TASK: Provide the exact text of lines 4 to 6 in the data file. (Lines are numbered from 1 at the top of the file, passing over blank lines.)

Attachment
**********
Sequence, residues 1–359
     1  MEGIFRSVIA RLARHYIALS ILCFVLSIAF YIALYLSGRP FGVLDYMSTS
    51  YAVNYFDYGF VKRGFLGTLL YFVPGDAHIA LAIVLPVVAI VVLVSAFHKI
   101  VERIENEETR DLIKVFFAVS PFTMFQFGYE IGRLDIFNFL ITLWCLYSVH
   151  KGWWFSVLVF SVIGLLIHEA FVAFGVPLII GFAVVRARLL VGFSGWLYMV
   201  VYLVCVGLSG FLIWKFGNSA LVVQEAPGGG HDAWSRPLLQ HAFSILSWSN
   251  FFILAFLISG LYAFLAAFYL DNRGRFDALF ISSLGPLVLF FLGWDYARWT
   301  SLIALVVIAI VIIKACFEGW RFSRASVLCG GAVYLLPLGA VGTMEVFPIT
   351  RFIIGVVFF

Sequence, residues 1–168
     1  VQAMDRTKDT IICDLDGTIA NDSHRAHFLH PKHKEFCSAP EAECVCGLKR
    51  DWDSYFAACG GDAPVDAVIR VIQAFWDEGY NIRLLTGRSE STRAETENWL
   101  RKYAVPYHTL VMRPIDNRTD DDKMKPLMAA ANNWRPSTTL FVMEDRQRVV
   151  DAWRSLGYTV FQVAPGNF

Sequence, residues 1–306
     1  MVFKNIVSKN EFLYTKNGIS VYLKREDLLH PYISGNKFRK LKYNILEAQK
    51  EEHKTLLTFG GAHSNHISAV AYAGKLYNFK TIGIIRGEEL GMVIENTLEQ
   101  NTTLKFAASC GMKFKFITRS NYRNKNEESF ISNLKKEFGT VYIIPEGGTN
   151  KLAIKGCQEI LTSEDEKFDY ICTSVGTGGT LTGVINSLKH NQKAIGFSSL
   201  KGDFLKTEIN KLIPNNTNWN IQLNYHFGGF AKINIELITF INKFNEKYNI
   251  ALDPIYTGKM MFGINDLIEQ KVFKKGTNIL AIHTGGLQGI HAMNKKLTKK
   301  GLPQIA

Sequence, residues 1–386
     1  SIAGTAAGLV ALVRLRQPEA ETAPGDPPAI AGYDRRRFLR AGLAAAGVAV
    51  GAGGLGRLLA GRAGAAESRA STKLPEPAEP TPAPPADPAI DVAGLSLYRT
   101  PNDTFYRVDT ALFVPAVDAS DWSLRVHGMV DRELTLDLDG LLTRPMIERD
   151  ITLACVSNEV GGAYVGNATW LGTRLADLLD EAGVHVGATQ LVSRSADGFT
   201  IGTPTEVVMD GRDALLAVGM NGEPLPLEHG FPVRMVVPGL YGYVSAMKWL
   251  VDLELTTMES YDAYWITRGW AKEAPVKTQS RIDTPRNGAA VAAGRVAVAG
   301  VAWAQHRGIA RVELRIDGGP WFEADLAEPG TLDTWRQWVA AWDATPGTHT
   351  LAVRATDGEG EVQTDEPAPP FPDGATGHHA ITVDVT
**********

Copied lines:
   101  VERIENEETR DLIKVFFAVS PFTMFQFGYE IGRLDIFNFL ITLWCLYSVH
   151  KGWWFSVLVF SVIGLLIHEA FVAFGVPLII GFAVVRARLL VGFSGWLYMV
   201  VYLVCVGLSG FLIWKFGNSA LVVQEAPGGG HDAWSRPLLQ HAFSILSWSN